What due process demands

Considering that disenfranchisement of the right to vote and deprivation of liberty are severe penalties, inferences that a suspect falls within the law’s  ambit, though strong and highly probable, is not enough.

Due process demands that before citizens can be deprived of their constitutional rights, they must be informed of the precise  charges against them, determined from the explicit provision of the alleged violated law.   If the law makes an omission, then it excludes. The Supreme Court said “whatever is not plainly within the provisions of a penal statute should be regarded as without its intendment.” (Centeno v. People, [1994]).  

Due to  the omission in section 261 of the OEC, it is wrong to immediately accuse a person of a criminal act for merely accepting an offer of money. Neither is it accurate to conclude that a person advising the acceptance of money is per se encouraging vote-buying on the basis of the law, with all its inclusions and omissions. There must be context.  

Take this hypothetical example: a corrupt candidate  stole billions of money from government funds which was intended for health care facilities, services, and benefits for frontline workers. This ill-gotten wealth — which truly belongs to the Filipino people — is used  to finance his campaign. During his sorties, he gives out P1,000. As a giver, he is liable under the express provision of the law. But should the acceptor be guilty of vote-buying and vote-selling in the absence of an express and direct provision for liability in Section 261 (a2) of the OEC?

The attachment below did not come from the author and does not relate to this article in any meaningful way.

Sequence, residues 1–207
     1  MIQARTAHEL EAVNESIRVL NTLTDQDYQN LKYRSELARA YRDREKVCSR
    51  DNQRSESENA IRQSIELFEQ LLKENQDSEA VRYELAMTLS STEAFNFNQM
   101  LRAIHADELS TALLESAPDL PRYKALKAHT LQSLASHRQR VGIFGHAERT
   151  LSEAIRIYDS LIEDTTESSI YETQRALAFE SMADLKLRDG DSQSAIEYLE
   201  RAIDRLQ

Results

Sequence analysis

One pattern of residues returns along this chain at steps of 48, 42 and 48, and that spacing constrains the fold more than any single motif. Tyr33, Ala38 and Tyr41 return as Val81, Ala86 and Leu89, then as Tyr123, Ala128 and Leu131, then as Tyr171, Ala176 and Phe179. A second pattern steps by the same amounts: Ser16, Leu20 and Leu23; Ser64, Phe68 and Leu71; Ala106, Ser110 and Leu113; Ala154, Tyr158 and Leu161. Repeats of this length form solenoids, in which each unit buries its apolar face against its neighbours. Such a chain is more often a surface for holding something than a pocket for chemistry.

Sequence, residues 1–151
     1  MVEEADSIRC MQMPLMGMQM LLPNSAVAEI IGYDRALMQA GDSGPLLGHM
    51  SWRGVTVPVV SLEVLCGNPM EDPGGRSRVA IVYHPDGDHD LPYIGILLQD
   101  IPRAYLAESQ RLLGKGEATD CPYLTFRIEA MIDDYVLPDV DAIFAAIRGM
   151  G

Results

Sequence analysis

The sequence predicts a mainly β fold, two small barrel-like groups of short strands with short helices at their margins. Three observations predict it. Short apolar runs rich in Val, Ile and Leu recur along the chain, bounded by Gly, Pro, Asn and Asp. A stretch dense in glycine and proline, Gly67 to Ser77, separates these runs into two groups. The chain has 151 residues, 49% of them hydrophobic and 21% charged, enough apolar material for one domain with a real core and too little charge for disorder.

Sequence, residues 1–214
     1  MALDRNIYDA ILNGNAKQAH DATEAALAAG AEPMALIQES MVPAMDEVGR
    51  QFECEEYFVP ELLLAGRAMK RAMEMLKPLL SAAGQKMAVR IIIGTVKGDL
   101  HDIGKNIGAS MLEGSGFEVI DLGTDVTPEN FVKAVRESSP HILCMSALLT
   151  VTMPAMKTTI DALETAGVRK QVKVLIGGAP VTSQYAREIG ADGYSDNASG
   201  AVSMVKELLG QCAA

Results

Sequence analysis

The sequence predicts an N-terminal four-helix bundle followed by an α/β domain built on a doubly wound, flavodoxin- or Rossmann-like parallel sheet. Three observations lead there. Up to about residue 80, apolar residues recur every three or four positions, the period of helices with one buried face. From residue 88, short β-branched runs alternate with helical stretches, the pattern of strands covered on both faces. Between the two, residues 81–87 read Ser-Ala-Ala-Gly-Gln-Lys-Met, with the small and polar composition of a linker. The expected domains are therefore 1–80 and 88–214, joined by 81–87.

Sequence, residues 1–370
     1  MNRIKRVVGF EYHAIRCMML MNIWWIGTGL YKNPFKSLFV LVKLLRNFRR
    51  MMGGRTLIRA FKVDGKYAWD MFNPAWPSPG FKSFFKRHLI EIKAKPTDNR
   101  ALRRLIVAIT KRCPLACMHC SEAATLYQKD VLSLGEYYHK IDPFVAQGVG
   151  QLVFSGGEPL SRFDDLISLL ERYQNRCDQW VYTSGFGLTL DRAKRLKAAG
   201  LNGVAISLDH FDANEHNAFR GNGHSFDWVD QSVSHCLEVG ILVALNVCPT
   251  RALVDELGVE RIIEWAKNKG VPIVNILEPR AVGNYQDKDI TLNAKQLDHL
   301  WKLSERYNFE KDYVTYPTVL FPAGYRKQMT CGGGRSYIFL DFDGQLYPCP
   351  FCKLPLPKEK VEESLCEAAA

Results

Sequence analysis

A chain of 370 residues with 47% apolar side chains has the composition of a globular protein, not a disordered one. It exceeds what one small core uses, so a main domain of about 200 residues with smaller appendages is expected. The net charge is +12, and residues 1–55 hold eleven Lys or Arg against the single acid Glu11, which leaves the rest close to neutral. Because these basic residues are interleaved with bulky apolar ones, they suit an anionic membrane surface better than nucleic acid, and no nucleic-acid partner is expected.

And prescinding from the legalities, is it moral for the acceptors to take the money stolen from government coffers, then thereafter vote according to their conscience? Is the acceptance of the money merely retrieving what truly belongs to them? Remember the story leading to the 1986 snap election about Jaime Cardinal Sin openly telling the people to accept the money but vote according to their conscience. I suspect that Cardinal Sin   knew the omission of  Section 261 (a2).  

Recipient’s responsibility

And so here we are again. Vice President Leni Robredo appears to have made a similar statement. Surely, she does not condone vote-buying/vote-selling. Nobody does, except corrupt candidates and their cohorts. VP Robredo is not corrupt. Her open track record proves that. Did she really state something imprudent both legally and morally? I do not believe so. 

Pope Francis in one of his sermons said that it is the hospitals without medicine that pay for corruption; it is the patients who don’t get care that pay for corruption; it is the children without education who pay for the corruption of the powerful. Corruption is paid by the poor. 

So  what do you think about this notion: the momentary relief that a candidate gives through money stolen from the people, albeit not freely but for the price of one’s vote, should be received, not for the recipient to sell his right to choose a public servant –  for voting must still be in accordance with one’s  conscience – but as a small deposit to ensure greater accountability under our anti-graft laws. It can be the recipient’s opportunity to  identify the vote buyers, not vote for them, and thereby  help  prevent these people  to be in a position  again to buy a person’s conscience and dignity in the future.  Does this make sense?

Finally, it is important for the Comelec to clarify its position on this vote buying/vote selling issue  – especially as to the recipient – and provide the public of its  legal bases and supporting authorities. They must be strong and convincing. A mere casual opinion will not give proper guidance. – Rappler.com

Mel Sta Maria is dean of the Far Eastern University (FEU) Institute of Law. He teaches law at FEU and the Ateneo School of Law, hosts shows on both radio and Youtube, and has authored several books on law, politics, and current events.